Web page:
Damariscotta Fish Ladder

Students traveled to Damariscotta Mills to see the peak of the run of alewives from Great Salt Bay into Damariscotta Lake.  Fish were darkening the water as we looked on from the bridge before approaching the stream leading to the fish ladder.  As the fish enter from the bay the stream splits into a “left” and “right” branch.  Going left leads fish to a barrier across the stream and into the area in front of the mechanical dippers, where alewives are harvested and sold as lobster bait.  Going right leads up into the fish ladder and ultimately up into the lake.  The water flow is strongest on the left branch and comes from the main body of the stream where in the 1700’s water power was harnessed by a dam to provide power to saw lumber into boards.  The first fish ladder dates back to 1805 when the community understood, even then, their need to preserve their fish resource and provide a way into the lake.

As the fish find their way into the “ladder”, a series of rock pools provide the fish a resting place as they swim with a burst of speed through the current that flows from one pool to the next.  The connecting passage is perhaps a foot to a foot and a half wide, and perhaps about 6-8 inches in depth.  The fish can be seen to swim with a burst of speed to power upstream through the rushing current of water flowing from the upper pool into the lower pool.  The difference in elevation between pools is perhaps ten inches.One task while walking alongside the pools, a more recent multi-year, $1+ million dollar rebuilding project, was to be observant and thoughtful and to try and make connections to our outlet and stream and take home ideas we might use to improve our fish passage.

When the fish reach the top of the fish ladder, 61 pools later, they swim through another relatively narrow opening and into the lake.  During the peak of the run, usually the third week of May, a fish counter stands over the opening into the lake and counts at the top of the hour for a ten minute period all of the fish coming through.  Peak counts are in the 900’s!  This way, they can estimate how many fish are entering the lake in the hour, and then during a multiple hour span of time. The overall run is now estimated at over 1,000,000 fish!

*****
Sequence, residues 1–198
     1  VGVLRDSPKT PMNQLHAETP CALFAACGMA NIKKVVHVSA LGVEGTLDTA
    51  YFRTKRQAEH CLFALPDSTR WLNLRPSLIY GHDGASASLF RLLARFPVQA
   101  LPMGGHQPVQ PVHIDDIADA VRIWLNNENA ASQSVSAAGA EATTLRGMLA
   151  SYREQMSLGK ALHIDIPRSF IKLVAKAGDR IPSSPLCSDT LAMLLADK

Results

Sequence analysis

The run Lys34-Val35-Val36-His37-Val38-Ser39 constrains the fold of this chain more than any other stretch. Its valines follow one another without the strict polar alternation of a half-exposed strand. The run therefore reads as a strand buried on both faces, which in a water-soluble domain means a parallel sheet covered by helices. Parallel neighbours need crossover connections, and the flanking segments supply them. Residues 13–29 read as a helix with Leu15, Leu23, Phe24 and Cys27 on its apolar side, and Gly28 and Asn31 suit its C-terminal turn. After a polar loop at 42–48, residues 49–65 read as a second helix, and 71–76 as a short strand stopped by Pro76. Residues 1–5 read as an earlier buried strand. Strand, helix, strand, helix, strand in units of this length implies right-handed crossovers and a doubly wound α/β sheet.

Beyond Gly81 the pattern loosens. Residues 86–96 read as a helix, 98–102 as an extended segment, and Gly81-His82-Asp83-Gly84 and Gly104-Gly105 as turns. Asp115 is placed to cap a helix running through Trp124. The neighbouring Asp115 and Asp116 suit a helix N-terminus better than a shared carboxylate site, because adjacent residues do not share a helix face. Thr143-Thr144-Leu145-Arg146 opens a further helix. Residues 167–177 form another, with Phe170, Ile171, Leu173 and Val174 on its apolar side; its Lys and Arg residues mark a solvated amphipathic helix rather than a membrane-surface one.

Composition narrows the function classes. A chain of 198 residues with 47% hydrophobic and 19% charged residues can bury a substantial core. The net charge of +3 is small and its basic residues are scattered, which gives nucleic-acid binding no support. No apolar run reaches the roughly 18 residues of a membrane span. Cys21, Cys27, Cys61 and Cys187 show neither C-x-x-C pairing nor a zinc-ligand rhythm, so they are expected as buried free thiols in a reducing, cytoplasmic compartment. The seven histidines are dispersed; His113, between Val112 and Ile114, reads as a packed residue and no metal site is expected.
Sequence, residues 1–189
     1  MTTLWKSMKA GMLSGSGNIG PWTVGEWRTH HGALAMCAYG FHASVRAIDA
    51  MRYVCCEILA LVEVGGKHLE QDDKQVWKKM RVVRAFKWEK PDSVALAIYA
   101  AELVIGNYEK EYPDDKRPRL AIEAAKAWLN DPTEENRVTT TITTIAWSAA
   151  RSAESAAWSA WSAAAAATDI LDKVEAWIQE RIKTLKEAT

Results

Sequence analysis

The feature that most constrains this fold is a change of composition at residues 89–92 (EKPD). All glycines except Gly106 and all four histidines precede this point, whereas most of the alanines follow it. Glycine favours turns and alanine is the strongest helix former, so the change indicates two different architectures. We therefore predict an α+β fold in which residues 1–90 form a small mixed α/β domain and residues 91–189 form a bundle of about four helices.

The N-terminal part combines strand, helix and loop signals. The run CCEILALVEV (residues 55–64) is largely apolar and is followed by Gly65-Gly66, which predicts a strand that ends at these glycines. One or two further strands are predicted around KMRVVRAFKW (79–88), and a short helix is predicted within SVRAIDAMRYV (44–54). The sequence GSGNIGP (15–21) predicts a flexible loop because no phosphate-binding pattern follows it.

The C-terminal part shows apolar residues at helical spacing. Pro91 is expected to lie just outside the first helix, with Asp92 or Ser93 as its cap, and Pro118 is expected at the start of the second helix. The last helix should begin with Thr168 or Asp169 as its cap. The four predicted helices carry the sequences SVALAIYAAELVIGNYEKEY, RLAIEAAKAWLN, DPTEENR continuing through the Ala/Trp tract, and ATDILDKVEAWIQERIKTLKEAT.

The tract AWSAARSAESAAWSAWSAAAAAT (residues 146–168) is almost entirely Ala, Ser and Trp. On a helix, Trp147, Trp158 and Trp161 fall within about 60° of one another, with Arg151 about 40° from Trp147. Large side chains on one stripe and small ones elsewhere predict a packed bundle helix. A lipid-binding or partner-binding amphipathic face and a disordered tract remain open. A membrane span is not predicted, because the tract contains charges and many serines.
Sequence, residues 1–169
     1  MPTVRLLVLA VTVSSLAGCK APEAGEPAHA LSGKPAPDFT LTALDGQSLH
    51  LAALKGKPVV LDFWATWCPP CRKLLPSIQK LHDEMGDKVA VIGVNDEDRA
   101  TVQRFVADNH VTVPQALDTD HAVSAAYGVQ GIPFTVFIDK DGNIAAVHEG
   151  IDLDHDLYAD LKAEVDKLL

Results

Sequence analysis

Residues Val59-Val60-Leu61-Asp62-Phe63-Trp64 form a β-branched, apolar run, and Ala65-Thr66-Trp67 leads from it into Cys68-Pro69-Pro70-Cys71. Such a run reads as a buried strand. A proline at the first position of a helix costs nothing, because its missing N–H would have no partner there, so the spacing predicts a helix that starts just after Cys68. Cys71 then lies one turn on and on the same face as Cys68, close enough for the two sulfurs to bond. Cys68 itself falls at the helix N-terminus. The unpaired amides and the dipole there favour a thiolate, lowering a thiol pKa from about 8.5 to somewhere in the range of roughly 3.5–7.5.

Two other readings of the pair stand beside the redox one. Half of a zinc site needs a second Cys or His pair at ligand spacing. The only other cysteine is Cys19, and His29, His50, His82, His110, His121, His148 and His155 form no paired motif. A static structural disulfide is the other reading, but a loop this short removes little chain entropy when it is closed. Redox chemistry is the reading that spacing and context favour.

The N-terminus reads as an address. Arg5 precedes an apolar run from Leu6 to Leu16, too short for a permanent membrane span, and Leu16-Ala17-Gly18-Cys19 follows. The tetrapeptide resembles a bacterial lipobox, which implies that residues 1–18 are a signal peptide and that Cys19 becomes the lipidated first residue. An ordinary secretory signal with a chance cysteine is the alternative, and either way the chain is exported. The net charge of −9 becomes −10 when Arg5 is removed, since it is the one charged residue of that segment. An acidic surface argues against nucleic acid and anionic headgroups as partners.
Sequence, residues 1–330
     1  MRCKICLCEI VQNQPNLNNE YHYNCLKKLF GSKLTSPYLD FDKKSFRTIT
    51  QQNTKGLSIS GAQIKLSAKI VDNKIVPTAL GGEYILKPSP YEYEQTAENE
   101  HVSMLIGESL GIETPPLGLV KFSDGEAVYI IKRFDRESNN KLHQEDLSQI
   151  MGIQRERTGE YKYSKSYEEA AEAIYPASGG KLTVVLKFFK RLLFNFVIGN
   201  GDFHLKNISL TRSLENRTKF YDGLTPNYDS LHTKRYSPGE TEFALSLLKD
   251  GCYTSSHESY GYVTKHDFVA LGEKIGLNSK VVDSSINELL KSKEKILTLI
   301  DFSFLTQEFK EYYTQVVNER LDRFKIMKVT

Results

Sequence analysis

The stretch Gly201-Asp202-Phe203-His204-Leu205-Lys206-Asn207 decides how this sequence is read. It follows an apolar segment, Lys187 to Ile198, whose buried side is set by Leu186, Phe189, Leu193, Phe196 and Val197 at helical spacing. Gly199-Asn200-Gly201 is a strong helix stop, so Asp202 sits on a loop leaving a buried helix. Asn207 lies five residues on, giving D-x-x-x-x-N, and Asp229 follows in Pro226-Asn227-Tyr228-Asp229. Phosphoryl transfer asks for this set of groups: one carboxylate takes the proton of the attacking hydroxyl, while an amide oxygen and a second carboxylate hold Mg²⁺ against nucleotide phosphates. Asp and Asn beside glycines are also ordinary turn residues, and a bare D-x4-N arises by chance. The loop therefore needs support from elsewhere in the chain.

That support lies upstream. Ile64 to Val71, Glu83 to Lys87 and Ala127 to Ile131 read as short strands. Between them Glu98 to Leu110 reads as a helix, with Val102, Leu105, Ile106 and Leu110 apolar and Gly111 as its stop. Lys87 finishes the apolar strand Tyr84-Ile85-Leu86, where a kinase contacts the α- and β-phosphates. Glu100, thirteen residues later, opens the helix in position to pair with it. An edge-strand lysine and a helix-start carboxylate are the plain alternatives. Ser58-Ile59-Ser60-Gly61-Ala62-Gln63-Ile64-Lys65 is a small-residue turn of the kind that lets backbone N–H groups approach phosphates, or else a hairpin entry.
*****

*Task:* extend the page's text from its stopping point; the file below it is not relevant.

We went on to Warren Village where many of our local lobstermen buy fresh alewives to use as bait.  The Warren fish trap is also where the alewives were sold to The Nature Conservancy to freeze and fish throughout the summer that Josh Miller told us about.For many of us, seeing the fish laying in the water, side to side, darkening the water they were so densely packed, were the first alewives seen first hand.  It was truly an impressive quantity.  The alewives, or “sawbellies” as they were called, have come back in a big way because of conservation efforts that help provide fish passage into breeding waters.   Watching them fight their way upstream makes us appreciate what tough little fish they are!

Some of our overall impressions are these:

“It is very cool to see a bunch of healthy alewives.”

“I think it would help our stream if we placed some sand bags in the outlet so that it makes a slide for the fish to swim up and down.  We also need moving water throughout the whole stream.”

“I think that we can create more of a stable structure for our pools and we can take the rocks to create a more significant pool and less costly.”

“I think a healthy alewife run has lots of water.  They also have big areas to spawn.  I think we need a small opening in the pools since there since there isn’t continuous water flow.”

“It’s really cool.  I can’t even imagine something like that in St. George.  I think we should make the pools and definitely make an effort to save the fish.  I also think clearing out big rocks could help.”

“It is very interesting to see so many fish and see what we want to have here in St. George.”

“I think we should build better pools and move rocks from the culvert.”

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